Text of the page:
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My Uniden Washington is "SCREWY"

Discussion in 'General CB Services Discussion' started by theborg, Aug 12, 2017.

  1. theborg

    theborg
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    When I screw the coax into the back, all the way...I hear nothing. When I back it off so just the pin is in, without tightening, I can hear the world. I thought it was bad coax so I bought new stuff.
    No change! What is this????


     

  2. LeapFrog

    LeapFrog
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    Vocoder Frog

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    Maybe the antenna connector in the back of the radio is failing, could be a bad solder connection on the center conductor of the SO-239 (the antenna jack), sometimes I find them too worn out and loose, and yours may need replacing if it is loose internally.

    I had a Grant Xl once that had "screwy output", turns out the stranded wire that delivers the output was only hanging on by a few individual strands (to the antenna jack)
    I stripped 1/4 inch off and re-soldered it, problem gone!

    I took the covers off another radio once and observed the inner conductor of the antenna jack sliding as I was pushing the coax in, it was time to replace the SO-239.
     
    #2 LeapFrog, Aug 12, 2017
    Last edited: Aug 12, 2017
  3. theborg

    theborg
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    Thanks frog, I will look into this.
    :D
     
  4. sonoma

    sonoma
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    did you verify your antenna is not shorted.
     
    Robb likes this.
  5. Robb

    Robb
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    Yup

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    Many antennas have a tuned DC short to reach resonance, but I know what you mean . . .
     
  6. Hurricane145

    Hurricane145
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    Most likely a bad PL-259.
     
  7. kaos513

    kaos513
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    Or try deoxite on the connector
     
  8. nomadradio

    nomadradio
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    If the antenna is shorted, this is what you'll observe.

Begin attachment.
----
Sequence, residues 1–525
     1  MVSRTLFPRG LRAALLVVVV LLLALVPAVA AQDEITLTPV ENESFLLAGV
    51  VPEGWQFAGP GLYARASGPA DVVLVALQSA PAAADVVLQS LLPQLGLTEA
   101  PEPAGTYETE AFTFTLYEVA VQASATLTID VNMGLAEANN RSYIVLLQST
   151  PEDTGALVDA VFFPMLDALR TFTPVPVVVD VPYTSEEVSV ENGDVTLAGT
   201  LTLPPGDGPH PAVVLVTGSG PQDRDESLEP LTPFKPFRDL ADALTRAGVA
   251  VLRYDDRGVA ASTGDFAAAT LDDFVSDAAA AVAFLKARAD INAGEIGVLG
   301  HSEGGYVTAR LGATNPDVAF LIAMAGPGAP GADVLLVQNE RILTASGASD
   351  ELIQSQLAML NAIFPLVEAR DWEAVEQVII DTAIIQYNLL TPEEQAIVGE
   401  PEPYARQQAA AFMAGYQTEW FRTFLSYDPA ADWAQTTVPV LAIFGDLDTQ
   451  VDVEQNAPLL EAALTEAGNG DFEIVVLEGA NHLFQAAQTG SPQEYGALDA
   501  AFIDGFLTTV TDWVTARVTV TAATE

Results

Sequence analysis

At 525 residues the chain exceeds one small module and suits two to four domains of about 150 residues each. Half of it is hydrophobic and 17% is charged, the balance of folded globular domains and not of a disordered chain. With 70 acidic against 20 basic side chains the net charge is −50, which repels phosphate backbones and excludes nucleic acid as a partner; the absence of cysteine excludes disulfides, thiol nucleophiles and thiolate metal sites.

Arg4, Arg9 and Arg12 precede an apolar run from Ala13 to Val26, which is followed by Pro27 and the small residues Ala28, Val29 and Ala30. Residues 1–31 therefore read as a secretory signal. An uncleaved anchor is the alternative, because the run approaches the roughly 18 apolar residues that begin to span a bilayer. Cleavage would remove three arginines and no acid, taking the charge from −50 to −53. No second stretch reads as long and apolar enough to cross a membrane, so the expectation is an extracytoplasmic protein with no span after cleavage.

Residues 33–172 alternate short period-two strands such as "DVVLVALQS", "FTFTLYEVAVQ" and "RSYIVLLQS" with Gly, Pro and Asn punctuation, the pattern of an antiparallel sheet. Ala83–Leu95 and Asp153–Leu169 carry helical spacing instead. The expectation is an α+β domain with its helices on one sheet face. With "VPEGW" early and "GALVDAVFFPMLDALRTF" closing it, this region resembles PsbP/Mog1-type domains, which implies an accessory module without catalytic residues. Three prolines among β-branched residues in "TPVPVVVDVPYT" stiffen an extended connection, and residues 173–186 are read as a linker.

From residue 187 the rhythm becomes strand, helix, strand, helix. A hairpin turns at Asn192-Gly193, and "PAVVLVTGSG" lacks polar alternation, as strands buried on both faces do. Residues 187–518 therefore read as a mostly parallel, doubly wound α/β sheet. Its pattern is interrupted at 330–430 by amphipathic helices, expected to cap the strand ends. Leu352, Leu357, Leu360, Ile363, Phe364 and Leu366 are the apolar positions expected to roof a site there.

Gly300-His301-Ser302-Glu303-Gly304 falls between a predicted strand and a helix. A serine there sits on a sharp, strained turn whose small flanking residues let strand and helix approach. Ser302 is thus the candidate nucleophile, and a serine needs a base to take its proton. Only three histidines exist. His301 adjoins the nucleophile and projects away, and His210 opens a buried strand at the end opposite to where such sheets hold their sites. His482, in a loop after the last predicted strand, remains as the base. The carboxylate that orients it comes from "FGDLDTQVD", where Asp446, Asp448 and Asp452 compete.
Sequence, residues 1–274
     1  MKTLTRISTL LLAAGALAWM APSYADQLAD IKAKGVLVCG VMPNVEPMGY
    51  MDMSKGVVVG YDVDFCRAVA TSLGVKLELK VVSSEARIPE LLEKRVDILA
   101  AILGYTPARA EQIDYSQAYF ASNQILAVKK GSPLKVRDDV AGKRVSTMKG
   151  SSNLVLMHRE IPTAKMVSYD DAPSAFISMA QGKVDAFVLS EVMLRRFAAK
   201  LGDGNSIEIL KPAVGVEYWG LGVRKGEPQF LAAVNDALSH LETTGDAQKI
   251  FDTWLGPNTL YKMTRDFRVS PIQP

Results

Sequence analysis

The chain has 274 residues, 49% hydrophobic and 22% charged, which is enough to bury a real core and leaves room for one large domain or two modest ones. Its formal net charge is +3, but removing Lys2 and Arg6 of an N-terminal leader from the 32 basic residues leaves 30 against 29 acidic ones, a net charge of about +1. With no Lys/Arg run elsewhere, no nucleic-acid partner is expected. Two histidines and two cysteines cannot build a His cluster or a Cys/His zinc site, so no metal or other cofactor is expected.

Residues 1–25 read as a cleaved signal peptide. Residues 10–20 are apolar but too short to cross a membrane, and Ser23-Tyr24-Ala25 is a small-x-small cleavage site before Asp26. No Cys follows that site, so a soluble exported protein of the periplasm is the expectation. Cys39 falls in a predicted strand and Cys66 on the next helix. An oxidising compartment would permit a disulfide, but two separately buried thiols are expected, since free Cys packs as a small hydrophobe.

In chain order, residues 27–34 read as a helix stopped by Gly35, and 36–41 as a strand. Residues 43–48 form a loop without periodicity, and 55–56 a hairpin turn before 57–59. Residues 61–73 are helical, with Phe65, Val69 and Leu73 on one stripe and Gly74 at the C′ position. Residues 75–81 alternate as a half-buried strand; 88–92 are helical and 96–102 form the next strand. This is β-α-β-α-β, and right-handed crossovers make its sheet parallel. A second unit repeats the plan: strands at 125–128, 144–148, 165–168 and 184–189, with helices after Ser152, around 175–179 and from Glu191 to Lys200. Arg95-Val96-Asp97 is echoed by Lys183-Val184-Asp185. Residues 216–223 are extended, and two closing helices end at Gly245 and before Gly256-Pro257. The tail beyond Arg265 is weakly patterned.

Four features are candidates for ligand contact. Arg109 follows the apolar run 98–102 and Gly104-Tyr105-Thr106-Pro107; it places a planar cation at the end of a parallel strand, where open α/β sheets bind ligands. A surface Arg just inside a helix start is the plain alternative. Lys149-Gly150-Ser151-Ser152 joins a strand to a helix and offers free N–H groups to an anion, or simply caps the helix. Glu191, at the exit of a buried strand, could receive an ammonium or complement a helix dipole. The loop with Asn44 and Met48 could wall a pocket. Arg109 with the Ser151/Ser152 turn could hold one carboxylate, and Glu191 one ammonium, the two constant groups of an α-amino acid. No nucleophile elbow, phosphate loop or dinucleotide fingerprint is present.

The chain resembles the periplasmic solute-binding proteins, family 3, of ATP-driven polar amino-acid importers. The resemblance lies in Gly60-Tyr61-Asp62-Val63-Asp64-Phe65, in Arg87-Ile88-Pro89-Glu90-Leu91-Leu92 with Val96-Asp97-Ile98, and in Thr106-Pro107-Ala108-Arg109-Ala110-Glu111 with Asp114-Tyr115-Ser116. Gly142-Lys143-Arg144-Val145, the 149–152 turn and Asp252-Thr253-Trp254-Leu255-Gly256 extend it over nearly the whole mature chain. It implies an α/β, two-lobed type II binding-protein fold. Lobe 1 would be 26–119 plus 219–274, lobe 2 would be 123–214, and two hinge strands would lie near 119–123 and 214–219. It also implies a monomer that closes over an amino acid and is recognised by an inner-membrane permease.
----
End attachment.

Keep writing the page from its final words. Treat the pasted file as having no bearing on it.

Touching just the center pin alone will turn the outside surface of the coax into a demented receiving antenna.

    But connecting the shield to the grounded outer part of the socket turns that coax braid into a shield. Keeps out all RF signals.

    If your antenna is toast, that can cause this problem

    If the center-wire connection at the far end of the coax is broken, you'll see this symptom.

    If the far end of the coax is shorted from center wire to shield, you'll see this symptom.

    And if someone has pushed a straight pin through the coax outside the house, this will short the center wire to the shield braid and cause this symptom.

    Troubleshooting a fault is a process of elimination, finding all the parts of the system that are NOT bad, one by one. Eventually this will lead you to what HAS gone bad.

    A SWR meter is a handy tool to keep around a base station. Even if an antenna is perfect when you put it up, it won't stay that way forever. Anything you put outside into the weather and sun will deteriorate, no matter what it is.

    The coax plug at the bottom of the antenna must be waterproofed. If you don't, the connector will soak up rainwater like a sponge. Capillary attraction will suck that water down inside the coax, between the strands of the shield braid.

    Bad juju when that happens.

    Soldering the shield braid to the plug is not easy. Lots of folks just fold over the braid and call it good enough. So long as you don't mind replacing that connection a few times a year, it will be. Soldering the braid to the plug prevents the copper strands from oxidizing and disturbing the metal-to-metal contact between the braid and the body of the plug. Makes it last longer.

    And yeah, putting up a base antenna should be simpler.

    73
     

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